“Then he began to teach them.” We are encouraged to ask, what happened before the “then”? Our passage picks up in the middle of a conversation between Jesus and his disciples. Jesus had asked his disciples, “Who do you say that I am?” and Peter had responded, “You are the Messiah.” Dramatic healings, perplexing parables, incredible miracles, and shocking inclusion can all be seen as the characteristic activities of an appealing messiah. The Messiah is the anointed king through whom God will deliver or save God’s people.
We are right to imagine that Jesus’ first disciples associate this title Messiah then with earthly glory. And in the disciples’ defense, they have witnessed a lot of local fanfare around Jesus. Crowds of mostly peasant villagers have swarmed to Jesus in order to witness and receive his healing powers. Whenever local leaders oppose Jesus, Jesus bests them in the debates. And so, it is hard to blame the disciples for seeing their future full of earthly glory.
But the model confession of faith by Peter has a disturbing sequel. And Jesus’ words jolt the disciples. Jesus lays the future out quite plainly. Up until now in his ministry, Jesus has spoken only cryptically about persecution. Now he says clearly that he, the Son of Man, must undergo rejection, suffering, and death. It is precisely for this reason that his followers will take up crosses and lose their lives.
Yes, Jesus will rise again. Yes, persecuted disciples will receive new life. Still, here it becomes clear that the road to messianic glory runs through death on the cross. The disciples are following Jesus to a cross.
An important word in today’s passage from Mark is “must.” “The Son of Man must undergo great suffering.” Often this verse is taken to mean that Jesus’ mission is principally to suffer and die. In this kind of reading, Jesus “must” go to the cross in order to affect a sacrifice for the forgiveness of our sins.
But let’s pull the camera out and look at this verse in light of all of Jesus’ ministry. When we do that, we get a different, but still profound, explanation for Jesus’ death. Jesus dies because powerful humans oppose both his healing mission and, more specifically, the disruption that mission brings to established law and order.
Let me repeat that, Jesus dies because powerful humans oppose both his healing mission and, more specifically, the disruption that mission brings to established law and order. This means that Jesus’ opponents are opposing what Jesus first announced when he came on the scene: the in-breaking reign of God.
The power, me might even call it the politics, at work in Jesus’ ministry has been and will continue to be central. For example, Jesus is unflinching in his insistence that the divine mission to welcome and reconcile sinners outweighs the stigma of associating with them. God’s mission to end human suffering is more important than any religious tradition that might hinder it. In other words, religious tradition is only worth keeping if it helps alleviate human suffering, if it helps usher in the reign of God.
This is not a Christian correction to legalistic Judaism. It is instead a radical channeling of the longstanding Jewish belief in God’s compassion for the marginalized.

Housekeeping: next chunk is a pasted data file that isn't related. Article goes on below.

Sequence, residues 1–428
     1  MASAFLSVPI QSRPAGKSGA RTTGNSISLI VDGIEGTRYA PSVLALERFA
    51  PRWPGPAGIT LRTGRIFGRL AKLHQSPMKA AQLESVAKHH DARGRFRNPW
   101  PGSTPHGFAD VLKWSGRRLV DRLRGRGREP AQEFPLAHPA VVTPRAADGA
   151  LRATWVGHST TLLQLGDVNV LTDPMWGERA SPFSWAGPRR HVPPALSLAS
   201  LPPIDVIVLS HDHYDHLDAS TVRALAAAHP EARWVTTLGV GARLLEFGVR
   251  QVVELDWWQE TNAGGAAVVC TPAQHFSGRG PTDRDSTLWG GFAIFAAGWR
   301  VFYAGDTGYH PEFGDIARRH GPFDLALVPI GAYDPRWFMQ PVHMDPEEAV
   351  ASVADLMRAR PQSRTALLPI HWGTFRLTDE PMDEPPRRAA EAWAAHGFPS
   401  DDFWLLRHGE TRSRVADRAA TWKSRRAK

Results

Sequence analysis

What is the result of Jesus’ announcing this mission with his words and actions? The response to this healing, life-bringing mission is violent antagonism from the people invested in maintaining the status quo. This should no longer surprise us.
One scholar said, the real epiphany of today’s passage “is not that Jesus’ mission is to die, but that his faithfulness to God’s healing mission will inevitably result in his death…. Jesus ‘must’ die because his commitment to human healing will not falter.”
It might be easy for us to shake our heads at Peter’s rebuke and think that we never would have spoken to Jesus the way he did. But I am not so sure. Remember how the peasants out in Galilee were treated during the time of the Roman Empire or kingdom. Now this man Jesus comes along who is clearly the Messiah.
They want the earthly liberation and victory they have always imagined—in which earthly power stands up to earthly power. Imagine Peter walking over to Jesus and taking him aside to set him straight about messiahship. “Suffering, rejection, and death are not on the agenda. Power, prestige, and dominion are on the agenda. It’s King David’s throne we’re after, ruling the nations with power and might. We signed up for a crown, not a cross!”
Peter was blinded by his own preconceptions, everything he thought should be on the messiah’s agenda. How often are we guilty of this? We assume that we know what must be done, so that even a word from Jesus himself cannot change our minds. We get blinded by our own prejudices, presuppositions, and preconceptions. We think we would never rebuke Jesus outright like Peter. Our rebuke is benign neglect, quiet indifference.
In the midst of the conversation between Jesus and Peter, who Jesus addresses, seems to grow beyond the inner circle. We, the audience 2000 years later, are also drawn into Jesus’ invitation when he uses words like “anyone” and “whoever.”
Jesus says, “If any want to become my followers, let them deny themselves and take up their cross and follow me. For those who want to save their life will lose it, and those who lose their life for my sake, and for the sake of the gospel, will save it.”